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Guy Trafford wraps up some topical issues for dairy darmers, including the chance prices will stay high, and the work being done using a seaweed diet to control methane

Rural News
Guy Trafford wraps up some topical issues for dairy darmers, including the chance prices will stay high, and the work being done using a seaweed diet to control methane

By Guy Trafford

Another jump in the Global Dairy Trade (GDT) will be reassuring to Fonterra after their recent lift in the farm gate price for the season.

Overall products lifted by +3.3% and the seventh lift on the trot and prices now match what they were nine months ago.

Perhaps more importantly, the biggest lift came from Whole Milk Powder up +6% securing it above the US$3,000 benchmark ($3,186). A little surprising was the drop in Skim Milk Powder which fell by -4.6% after a series of quite strong previous sales.

Some bank economists are picking a $7.00 per kg MS for next season which is a very bullish approach to take.

The market signals do indicate that demand is outstripping supply but there are a lot of potential downsides floating around also. The Trump vs China trade conflict, while looking as it it might pan out, China is currently going through a soft patch of consumer spending which while not appearing to be influencing food demand yet, could if it continues to worsen.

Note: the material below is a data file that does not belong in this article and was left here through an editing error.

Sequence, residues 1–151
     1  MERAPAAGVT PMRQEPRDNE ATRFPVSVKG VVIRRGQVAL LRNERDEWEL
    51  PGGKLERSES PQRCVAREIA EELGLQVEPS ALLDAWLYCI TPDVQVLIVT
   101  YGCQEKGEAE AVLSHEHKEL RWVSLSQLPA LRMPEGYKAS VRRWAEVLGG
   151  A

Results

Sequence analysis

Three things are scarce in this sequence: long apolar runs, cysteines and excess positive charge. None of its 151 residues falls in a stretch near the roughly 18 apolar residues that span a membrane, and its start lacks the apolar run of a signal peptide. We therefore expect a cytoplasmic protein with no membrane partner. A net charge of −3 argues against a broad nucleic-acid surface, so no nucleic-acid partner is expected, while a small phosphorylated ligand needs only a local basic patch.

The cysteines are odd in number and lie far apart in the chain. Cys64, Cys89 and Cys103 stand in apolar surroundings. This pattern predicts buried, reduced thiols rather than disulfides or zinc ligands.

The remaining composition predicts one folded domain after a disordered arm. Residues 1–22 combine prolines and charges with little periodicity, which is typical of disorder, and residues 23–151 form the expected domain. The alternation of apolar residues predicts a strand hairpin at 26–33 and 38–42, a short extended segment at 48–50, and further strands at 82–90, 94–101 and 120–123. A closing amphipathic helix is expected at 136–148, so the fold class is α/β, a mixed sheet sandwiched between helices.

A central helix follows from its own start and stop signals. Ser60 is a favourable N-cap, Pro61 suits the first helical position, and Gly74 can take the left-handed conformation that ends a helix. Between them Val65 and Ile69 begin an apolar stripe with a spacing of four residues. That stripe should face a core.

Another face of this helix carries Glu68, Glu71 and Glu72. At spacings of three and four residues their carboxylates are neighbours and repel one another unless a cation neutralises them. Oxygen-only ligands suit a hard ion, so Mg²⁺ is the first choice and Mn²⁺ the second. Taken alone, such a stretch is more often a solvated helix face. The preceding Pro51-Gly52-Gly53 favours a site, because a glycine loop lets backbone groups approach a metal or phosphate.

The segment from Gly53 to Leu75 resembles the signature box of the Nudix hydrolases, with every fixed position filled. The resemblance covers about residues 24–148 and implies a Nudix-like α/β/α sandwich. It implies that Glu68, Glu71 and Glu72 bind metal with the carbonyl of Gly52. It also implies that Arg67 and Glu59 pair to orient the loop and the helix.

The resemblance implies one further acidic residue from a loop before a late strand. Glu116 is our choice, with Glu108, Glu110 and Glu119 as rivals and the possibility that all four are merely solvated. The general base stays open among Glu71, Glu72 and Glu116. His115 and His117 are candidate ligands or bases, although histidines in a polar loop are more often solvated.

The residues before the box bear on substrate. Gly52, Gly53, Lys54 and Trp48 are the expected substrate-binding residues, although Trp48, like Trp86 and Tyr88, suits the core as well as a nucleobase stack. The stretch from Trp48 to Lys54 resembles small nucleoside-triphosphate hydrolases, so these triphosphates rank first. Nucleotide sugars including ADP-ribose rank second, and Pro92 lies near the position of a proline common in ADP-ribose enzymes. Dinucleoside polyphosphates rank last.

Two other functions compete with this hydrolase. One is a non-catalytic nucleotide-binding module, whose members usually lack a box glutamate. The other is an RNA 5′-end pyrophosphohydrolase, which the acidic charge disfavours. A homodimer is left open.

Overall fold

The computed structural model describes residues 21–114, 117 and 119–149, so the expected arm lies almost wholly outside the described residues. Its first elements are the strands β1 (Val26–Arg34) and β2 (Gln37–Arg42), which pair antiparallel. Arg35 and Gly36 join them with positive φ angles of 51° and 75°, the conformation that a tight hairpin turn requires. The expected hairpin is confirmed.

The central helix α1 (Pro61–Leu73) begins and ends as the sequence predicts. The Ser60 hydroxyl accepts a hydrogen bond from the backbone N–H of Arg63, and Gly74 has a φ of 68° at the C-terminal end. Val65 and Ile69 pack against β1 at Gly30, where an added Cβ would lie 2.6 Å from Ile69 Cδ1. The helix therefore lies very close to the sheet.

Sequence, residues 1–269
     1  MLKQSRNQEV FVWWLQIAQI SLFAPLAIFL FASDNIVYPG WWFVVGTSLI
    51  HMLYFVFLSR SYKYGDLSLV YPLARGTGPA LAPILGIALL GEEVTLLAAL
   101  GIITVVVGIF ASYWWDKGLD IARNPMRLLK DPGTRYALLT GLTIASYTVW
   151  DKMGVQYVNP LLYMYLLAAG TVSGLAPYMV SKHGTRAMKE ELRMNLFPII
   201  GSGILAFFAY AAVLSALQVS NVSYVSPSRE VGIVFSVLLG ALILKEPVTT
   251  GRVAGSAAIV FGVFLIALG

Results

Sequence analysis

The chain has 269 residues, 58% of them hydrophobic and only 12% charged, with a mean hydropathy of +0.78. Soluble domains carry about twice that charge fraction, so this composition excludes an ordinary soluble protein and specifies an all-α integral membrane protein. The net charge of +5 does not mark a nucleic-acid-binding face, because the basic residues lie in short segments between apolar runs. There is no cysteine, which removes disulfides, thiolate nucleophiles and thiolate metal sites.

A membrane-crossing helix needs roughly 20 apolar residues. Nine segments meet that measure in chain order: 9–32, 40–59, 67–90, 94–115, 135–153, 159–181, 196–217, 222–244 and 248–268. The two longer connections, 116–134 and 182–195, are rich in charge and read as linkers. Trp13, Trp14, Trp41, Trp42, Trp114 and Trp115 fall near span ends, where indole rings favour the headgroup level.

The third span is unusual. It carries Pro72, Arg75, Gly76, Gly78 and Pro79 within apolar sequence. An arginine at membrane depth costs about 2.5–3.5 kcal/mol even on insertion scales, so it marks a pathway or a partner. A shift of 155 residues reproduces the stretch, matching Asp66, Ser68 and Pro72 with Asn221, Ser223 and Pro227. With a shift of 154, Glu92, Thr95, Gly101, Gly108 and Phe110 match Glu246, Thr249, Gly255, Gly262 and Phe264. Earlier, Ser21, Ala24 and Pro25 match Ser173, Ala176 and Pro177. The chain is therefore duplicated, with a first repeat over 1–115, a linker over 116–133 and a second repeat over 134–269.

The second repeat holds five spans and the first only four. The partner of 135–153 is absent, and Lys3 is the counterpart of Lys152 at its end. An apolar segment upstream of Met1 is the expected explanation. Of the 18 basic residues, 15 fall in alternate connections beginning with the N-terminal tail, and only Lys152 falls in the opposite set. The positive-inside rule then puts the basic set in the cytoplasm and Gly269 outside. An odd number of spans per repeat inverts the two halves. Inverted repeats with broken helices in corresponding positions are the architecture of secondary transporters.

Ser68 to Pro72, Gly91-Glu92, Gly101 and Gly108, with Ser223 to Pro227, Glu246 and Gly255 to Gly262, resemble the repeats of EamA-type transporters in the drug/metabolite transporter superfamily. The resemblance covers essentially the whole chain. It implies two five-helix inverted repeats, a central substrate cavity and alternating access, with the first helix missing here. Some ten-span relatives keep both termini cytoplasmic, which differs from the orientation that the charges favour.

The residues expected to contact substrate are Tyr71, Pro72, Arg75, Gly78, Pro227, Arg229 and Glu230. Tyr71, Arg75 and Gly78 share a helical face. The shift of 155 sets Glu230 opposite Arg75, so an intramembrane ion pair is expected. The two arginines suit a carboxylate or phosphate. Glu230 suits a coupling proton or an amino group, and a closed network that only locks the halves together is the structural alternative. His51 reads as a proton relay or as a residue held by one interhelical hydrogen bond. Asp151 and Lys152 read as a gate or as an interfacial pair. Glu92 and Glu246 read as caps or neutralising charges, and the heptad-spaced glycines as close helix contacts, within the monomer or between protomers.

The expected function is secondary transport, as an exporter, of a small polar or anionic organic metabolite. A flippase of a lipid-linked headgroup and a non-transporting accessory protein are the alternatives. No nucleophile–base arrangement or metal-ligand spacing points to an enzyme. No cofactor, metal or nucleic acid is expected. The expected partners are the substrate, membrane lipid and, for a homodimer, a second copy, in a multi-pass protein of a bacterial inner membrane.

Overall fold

Brexit is far from settled and may complicate things.

However, the biggest future driver is likely to be supply.

The US despite a heavy cow cull in 2018 still manged to have a 1% lift in production, New Zealand is doing well despite the increasing influence of the dry spell we’re currently in and the EU is predicted to climb by a tadge under 1% as well. Only Australia with all their climate issues looks likely to be below previous years production.

So, prices may well lift but getting over the $7 mark while welcomed would take a brave farmer to base their budget around at this stage.

The US, currently around the US$14.60 per CWT, is predicted to get up to US$16 later in the year but their pundits believe that while take some progress in the CAA (Canada, Mexico and US agreement) and China to “show some zeal”.


The Fonterra share value went to an all time low of $4.20 after the reduced dividend payout last week but has bounced back somewhat to $4.41. Part of this rebound appeared before the GDT result and coincides with the confirmation of Miles Hurrell as CEO of the Co-op.